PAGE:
What is an Equity Spread?

Equity Spread

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Equity Spread

An equity spread, more commonly referred to as a stock spread or simply “spread,” is the difference between the bid price and the ask price of a stock.

The bid price is the highest price that a buyer (or buyers) is willing to pay for a stock, while the ask price (also known as the offer price) is the lowest price that a seller (or sellers) is willing to accept for a stock. The spread represents the gap between the price buyers are willing to pay and the price sellers are willing to accept.

For example, if the bid price for a stock is $50 and the ask price is $50.10, the spread would be $0.10.

Market makers and traders earn their profits from these spreads. In general, the smaller the spread, the more liquid the market (and vice versa). Highly traded stocks typically have smaller spreads, while less frequently traded stocks or those with lower volumes typically have larger spreads.

It’s important to note that the spread can also be affected by market volatility. In volatile market conditions, spreads may widen as the uncertainty increases.

Example of an Equity Spread

Let’s say you’re interested in buying shares of a technology company called TechCo. You look up the stock’s trading information and see the following prices:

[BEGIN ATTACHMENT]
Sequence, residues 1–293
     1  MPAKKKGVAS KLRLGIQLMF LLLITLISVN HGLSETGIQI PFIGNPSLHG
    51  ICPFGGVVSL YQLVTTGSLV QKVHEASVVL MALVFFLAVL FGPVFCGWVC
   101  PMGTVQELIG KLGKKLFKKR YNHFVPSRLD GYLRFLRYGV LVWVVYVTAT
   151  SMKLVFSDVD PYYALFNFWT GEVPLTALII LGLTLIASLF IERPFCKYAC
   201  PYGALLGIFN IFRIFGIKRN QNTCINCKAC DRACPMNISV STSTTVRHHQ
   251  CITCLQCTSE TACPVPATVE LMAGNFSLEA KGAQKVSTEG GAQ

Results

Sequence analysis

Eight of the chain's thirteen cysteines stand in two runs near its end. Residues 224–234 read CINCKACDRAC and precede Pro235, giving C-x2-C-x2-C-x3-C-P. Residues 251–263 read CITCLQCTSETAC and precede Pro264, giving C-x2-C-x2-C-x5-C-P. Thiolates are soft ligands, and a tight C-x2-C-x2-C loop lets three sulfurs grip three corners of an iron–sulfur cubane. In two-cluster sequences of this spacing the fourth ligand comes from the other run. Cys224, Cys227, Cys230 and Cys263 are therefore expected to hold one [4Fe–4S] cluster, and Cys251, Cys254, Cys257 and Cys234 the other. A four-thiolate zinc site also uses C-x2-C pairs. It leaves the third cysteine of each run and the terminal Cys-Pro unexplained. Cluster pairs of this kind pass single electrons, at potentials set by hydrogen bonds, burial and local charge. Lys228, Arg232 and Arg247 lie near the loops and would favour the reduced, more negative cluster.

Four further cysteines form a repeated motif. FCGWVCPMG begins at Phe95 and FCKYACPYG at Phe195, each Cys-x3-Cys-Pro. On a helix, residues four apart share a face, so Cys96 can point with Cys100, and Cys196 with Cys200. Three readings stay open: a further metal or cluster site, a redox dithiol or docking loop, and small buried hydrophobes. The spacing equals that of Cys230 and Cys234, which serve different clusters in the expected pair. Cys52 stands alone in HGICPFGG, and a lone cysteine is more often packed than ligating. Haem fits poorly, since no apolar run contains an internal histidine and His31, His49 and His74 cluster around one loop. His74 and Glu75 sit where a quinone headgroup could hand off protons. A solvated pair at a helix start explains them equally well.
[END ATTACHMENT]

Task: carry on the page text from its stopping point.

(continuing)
• The bid price (the highest price a buyer is willing to pay) is $100.00 per share.
  • The ask price (the lowest price at which a seller is willing to sell) is $100.05 per share.

In this case, the spread—the difference between the bid price and the ask price—is $0.05. This means that if you wanted to buy shares of TechCo immediately, you’d have to pay $100.05 per share, but if you wanted to sell shares immediately, you could only sell them for $100.00 per share.

This spread is how market makers (firms that buy and sell stocks to facilitate trading) make their money. They might buy a stock at the bid price and then sell it at the ask price, earning the spread as their profit.

In general, a smaller spread indicates a more liquid market for the stock, because it means the prices buyers are willing to pay and sellers are willing to accept are very close together. Larger spreads often indicate less liquid markets, where it might be harder to buy or sell the stock without affecting the price.

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